On the left side of the display, you’ll see a tab with three options: Play Sound, Lock, and Erase. Hit the Erase option to automatically trigger a device reset. Remember that your phone has to be powered on and connected to the internet for this method to work.
Now, if you don’t have access to the phone and can’t use Find My Device to restore the phone over the web, you’ll need to rely on the second method. To manually erase the device and reset the phone, you’ll need to use the hardware buttons to load into your device’s recovery system.
The key reset method is performed a little differently on every phone, so your best option is to search for your phone model on Google with the keywords “boot into recovery.” Some devices, like Samsung’s lineup of phones, are fairly easy to boot into recovery with; you turn off the phone and press and hold a specific button combination to boot into recovery.
Other phones, like Google’s Pixel 2 XL, are much more finicky, requiring you to press and hold on one key and press and release another at the right time in order to boot into recovery. There are so many various methods for each Android phone, it’s basically a requirement to search for the correct method for your phone to do this.
- Once you’ve booted into recovery mode, use your device’s volume up and volume down buttons to scroll through the list until you reach “Wipe Data/Factory Reset.”
- Use the power button to select this option, then confirm your selection on the next display.
Your phone will begin to reset; make sure the phone is charged enough to ensure it can last at least 30 minutes without dying. Once your phone has rebooted back to the menu screen, you can set up your device by logging back into the Google account you use for your phone. It is important you use the same Google account you used on your phone prior to resetting.
Android has a built-in security protocol known as Factory Reset Protection or “activation lock” that requires a recently-reset phone to have the same Google account as previously used on the device in order to prevent a thief from immediately using the stolen phone. If you don’t have the password for your Google account, you can reset it, but that may mean you won’t be able to log into your phone for 24 hours after the reset.
Backup + Factory Reset
Probably the best combination of things to do does require you to plan ahead, and set up a backup of your phone’s data to the Google Cloud. This way, even if you have to reset the phone for whatever reason, a reasonably current set of your phone’s data will be available, intact, and ready to get your phone back into action. I will walk you through how to set this up. You will need a Google account for this.
To set up backup, follow these steps.
Your phone will now copy the critical data to your Google account.
Restoring from backup is simple. After you reset your phone and attach your Google account to the phone again, it will automatically restore your data from backup. Running a backup takes only a few minutes on a WiFi connection, or even less if you keep your phone regularly backed up – get into the habit of setting off a backup every night when you go to bed and you will always have a near-real-time backup of your phone.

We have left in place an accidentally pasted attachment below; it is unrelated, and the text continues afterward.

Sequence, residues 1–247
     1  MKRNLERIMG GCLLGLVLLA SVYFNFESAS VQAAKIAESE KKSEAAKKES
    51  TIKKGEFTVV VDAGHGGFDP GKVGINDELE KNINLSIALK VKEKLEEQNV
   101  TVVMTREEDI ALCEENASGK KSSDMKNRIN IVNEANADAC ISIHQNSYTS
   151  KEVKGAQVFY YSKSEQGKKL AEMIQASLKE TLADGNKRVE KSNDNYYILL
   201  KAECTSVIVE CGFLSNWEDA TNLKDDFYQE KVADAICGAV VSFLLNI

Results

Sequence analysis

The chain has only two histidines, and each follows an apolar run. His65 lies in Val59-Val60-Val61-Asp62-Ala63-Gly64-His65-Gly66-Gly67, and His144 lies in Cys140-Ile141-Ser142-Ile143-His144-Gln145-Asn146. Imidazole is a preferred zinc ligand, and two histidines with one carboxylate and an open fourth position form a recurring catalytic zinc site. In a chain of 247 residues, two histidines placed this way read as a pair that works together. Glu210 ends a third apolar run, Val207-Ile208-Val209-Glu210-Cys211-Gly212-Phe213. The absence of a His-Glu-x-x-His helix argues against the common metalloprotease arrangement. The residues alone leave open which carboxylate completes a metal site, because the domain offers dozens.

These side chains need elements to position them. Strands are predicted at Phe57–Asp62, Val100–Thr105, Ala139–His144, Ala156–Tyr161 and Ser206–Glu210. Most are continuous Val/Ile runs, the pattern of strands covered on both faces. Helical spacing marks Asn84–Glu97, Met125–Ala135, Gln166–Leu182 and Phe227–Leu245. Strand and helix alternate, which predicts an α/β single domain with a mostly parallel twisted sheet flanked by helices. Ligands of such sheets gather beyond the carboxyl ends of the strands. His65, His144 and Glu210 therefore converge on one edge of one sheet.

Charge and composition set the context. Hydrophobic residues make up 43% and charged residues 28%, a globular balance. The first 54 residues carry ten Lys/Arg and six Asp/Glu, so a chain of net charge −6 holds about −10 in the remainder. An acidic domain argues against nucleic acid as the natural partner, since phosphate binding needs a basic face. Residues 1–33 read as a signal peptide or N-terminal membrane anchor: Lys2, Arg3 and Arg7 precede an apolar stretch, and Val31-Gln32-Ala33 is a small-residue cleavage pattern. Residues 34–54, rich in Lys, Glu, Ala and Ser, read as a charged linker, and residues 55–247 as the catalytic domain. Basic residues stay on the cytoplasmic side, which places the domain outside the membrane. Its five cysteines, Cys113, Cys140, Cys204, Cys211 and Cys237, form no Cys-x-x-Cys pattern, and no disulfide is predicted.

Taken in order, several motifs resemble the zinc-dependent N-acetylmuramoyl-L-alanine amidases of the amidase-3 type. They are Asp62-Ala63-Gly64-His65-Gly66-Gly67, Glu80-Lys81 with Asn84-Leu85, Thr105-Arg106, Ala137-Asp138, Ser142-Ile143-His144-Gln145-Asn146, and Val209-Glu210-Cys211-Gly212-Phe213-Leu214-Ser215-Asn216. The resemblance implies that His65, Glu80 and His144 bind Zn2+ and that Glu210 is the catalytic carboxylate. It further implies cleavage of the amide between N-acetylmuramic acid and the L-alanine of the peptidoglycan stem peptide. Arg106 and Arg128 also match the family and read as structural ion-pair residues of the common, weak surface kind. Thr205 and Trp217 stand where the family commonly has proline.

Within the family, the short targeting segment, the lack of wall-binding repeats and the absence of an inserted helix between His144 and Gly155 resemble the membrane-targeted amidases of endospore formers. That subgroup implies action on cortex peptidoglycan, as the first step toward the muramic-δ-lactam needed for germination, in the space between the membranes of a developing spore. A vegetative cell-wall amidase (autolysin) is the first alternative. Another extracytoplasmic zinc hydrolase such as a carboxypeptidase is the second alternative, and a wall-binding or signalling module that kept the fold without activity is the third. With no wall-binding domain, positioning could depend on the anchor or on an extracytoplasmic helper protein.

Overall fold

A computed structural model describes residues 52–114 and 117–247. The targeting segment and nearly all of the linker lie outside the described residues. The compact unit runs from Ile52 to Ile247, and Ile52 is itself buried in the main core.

(Want to backup more than just your phone? You can with one of these speedy 4-TB portable hard drives from Toshiba. You can back up all the computers in your household, and still have room for a thousand movies.)
Unlocking Your Phone with Speed
If you aren’t having trouble getting into your phone, but you want to make sure your phone is secure while simultaneously unlocking your phone with some serious speed in order to make your day easier, we have some advice. There are plenty of options for unlocking your device, and they all help to make unlocking your phone easier and to prevent a situation where you forget the code for your phone.
Smart Lock is one of our favorite tools on Android that is unavailable on other platforms. It makes it easy to make sure your phone is always secure, while simultaneously working to stay out of your way when you want access to your device.
Note: Smartlock only works for four hours. If your phone is idle for more than four hours you will need to unlock it manually.
Smart Lock offers Android users several ways to unlock their phones when they’re using it while keeping it locked when it’s not near them. To turn on smart lock, you’ll need to open up your settings menu on your Android device and head into the Security submenu. Under “Device Security,” you’ll find an option for Smart Lock. Type in your passcode or password to enter Smart Lock, and you’ll be greeted with (as of writing) three unique options for unlocking your phone. Let’s break each of these down:
- On-body detection: This setting allows you to unlock your device once before disabling the lock for as long as the phone is in your hand or on your person. Using your smartphone’s array of sensors, the device tracks when your device is in use, so you can turn the display off but keep the phone unlocked while it’s in your hand. When your phone realizes that it’s been set down, your phone will automatically re-lock, requiring a password. This isn’t the most secure method Smart Lock offers, but it is pretty cool.
- Trusted places: The trusted places feature works to use the GPS in your phone to detect that you’re in a secure location of your choosing, and automatically keeps your phone unlocked for you. As soon as you leave your location, your phone relocks, keeping things safe and secure for you and your device.
- Trusted devices: This might be the best of the five Smart Lock options, because it’s ideal for keeping your devices safe when you’re nearby and keeping your phone locked when you’ve left. This option allows you to keep your phone unlocked while paired with your gadgets. Smartwatches and fitness trackers are ideal for this, but it also helps you keep your phone unlocked when driving in your Bluetooth-equipped car, when running with Bluetooth headphones, or when paired with a set of Bluetooth speakers.